, Volume 40, Issue 5, pp 867–885 | Cite as

Transport effects of e-commerce: what can be learned after years of research?

  • Orit Rotem-Mindali
  • Jesse W. J. Weltevreden


This paper offers an extensive review of conceptual and quantitative studies on the implications of business-to-consumer (b2c) e-commerce on mobility. To create a more comprehensive understanding of the mobility implications we also discuss the complementary side: freight transport. Most studies conducted thus far have looked at the consequences of b2c e-commerce for either personal travel or goods movement, but not for both. The added value of this review article is that it not only explores the conclusions drawn in the wide-ranging published research, but also attempts to review the sampling strategies, definitions, assumptions and methodologies that lead to the diverse conclusions. For example, the paper discusses the differences in how “e-shopping” is defined (whether it includes browsing or only purchasing) and with what frequency a respondent e-shops (however it is defined) in order to be considered an “e-shopper”. The review describes how product differentiation is necessary to scrutinize the mobility effects of e-commerce. It points to studies which tend to have a dual conclusion. We try to observe whether complementary effects are given the same level of attention as substitution effects. Each of these factors can have sizable impacts on the quantitative conclusions reached. Our aim is that, by calling attention to these issues, the conclusions of studies will be discussed in a rigorous way to improve our knowledge of the transportation impacts of online shopping.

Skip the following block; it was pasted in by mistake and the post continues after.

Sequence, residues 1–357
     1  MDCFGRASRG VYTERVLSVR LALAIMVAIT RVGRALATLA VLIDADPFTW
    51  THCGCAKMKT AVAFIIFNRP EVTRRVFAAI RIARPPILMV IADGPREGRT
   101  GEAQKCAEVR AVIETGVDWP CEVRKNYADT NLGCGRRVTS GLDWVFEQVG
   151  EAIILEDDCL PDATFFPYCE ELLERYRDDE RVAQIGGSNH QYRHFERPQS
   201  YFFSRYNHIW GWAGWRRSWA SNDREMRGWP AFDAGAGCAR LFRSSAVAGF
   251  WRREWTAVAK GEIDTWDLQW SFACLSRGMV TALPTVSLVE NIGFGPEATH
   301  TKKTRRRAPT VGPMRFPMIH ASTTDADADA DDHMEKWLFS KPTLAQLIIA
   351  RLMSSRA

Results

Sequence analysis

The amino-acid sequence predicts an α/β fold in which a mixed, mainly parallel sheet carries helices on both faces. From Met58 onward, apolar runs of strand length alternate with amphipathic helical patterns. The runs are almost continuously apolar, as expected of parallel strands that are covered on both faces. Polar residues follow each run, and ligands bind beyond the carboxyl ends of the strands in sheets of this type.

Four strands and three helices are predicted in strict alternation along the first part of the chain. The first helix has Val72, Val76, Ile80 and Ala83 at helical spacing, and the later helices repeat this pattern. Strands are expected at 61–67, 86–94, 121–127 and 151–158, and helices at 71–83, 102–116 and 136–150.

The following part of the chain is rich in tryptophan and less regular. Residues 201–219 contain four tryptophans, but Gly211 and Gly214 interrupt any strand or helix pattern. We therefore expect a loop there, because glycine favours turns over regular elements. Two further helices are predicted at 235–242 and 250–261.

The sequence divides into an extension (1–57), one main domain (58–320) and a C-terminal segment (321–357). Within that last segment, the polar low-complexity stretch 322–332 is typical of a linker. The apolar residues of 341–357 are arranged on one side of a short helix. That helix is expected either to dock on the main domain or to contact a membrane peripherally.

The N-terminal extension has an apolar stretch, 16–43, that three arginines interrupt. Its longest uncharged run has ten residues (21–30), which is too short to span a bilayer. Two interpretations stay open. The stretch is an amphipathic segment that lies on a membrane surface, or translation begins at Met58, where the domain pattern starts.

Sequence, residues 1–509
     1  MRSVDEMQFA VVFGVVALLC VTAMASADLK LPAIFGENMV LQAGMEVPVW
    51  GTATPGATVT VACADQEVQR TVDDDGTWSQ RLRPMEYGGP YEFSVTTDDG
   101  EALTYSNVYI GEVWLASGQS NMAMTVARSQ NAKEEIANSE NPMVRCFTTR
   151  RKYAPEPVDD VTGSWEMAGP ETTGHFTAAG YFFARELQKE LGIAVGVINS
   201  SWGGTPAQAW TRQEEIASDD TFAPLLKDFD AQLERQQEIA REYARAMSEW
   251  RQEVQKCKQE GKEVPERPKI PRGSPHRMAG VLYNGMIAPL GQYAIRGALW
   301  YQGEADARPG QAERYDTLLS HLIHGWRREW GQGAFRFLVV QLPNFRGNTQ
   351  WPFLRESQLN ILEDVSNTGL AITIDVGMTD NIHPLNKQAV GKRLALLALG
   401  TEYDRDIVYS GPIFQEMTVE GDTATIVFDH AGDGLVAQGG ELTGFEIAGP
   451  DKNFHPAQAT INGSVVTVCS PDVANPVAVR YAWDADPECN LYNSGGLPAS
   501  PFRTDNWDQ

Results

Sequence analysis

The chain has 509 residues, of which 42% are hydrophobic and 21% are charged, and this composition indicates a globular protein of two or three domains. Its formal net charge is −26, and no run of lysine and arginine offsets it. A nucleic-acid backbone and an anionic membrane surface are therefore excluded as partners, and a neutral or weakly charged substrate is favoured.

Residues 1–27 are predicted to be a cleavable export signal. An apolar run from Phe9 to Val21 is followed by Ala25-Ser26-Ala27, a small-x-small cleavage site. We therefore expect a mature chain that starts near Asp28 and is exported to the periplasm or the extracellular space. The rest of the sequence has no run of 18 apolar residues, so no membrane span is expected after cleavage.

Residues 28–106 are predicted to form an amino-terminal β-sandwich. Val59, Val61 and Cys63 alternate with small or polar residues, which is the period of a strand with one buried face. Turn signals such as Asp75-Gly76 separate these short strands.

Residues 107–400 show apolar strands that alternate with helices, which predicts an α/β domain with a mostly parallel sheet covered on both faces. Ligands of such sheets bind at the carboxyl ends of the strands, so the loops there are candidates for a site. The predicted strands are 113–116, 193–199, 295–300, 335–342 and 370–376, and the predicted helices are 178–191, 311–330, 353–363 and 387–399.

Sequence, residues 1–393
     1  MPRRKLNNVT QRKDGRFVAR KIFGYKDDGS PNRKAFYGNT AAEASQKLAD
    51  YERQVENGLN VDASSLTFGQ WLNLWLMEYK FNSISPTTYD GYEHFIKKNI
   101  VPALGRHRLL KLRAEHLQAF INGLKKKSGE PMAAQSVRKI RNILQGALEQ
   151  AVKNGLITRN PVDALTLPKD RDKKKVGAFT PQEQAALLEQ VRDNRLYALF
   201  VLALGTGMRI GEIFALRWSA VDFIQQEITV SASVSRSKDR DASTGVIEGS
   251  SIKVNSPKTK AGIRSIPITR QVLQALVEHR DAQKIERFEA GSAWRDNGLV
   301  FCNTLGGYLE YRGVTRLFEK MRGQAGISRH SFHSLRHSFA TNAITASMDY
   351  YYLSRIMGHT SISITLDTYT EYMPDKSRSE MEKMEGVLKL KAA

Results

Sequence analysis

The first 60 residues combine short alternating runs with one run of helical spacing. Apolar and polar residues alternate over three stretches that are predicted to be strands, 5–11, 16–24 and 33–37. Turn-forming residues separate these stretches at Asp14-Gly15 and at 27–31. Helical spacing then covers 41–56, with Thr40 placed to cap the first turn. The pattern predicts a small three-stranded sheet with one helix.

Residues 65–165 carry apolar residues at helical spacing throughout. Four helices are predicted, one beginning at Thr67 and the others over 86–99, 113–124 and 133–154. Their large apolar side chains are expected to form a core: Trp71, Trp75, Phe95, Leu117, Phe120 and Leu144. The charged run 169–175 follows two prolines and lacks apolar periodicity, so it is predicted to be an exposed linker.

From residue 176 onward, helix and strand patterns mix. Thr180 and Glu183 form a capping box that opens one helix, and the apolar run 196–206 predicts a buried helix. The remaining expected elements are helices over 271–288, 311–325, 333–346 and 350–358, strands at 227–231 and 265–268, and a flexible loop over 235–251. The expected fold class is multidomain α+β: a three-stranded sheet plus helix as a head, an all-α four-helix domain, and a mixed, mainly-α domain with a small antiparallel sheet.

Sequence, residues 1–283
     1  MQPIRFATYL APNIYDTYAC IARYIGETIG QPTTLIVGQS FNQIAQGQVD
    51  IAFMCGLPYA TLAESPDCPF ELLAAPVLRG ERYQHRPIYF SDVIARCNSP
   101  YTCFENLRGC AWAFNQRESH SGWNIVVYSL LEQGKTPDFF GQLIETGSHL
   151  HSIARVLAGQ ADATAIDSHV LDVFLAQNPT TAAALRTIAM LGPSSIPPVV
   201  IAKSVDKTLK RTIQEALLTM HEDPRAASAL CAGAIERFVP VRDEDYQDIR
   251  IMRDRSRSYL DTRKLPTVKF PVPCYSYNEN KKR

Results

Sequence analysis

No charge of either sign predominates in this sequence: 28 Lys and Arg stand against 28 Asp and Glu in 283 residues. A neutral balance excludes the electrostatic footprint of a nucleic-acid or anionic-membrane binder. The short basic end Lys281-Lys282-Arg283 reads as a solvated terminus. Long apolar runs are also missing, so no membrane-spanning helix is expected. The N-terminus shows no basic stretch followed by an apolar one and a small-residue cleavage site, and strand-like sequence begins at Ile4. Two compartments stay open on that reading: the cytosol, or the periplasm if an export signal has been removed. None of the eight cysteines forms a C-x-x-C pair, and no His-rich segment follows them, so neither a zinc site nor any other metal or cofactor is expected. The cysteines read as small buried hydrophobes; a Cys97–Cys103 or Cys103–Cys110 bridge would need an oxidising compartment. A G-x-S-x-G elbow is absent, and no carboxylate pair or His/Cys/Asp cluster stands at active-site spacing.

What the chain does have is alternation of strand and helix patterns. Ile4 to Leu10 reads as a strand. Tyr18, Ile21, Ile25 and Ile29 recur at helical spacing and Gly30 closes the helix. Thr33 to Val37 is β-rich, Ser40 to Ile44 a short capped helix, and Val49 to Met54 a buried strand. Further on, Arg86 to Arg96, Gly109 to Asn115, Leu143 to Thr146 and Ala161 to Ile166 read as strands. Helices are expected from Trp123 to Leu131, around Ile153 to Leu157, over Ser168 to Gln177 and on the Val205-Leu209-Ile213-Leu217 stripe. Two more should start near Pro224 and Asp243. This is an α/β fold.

b2c c2c Online retailing E-shopping Travel Mobility 


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© Springer Science+Business Media New York 2013

Authors and Affiliations

  1. 1.Department of Geography and EnvironmentBar Ilan UniversityRamat GanIsrael
  2. 2.Hogeschool van AmsterdamUniversity of Applied ScienceAmsterdamThe Netherlands

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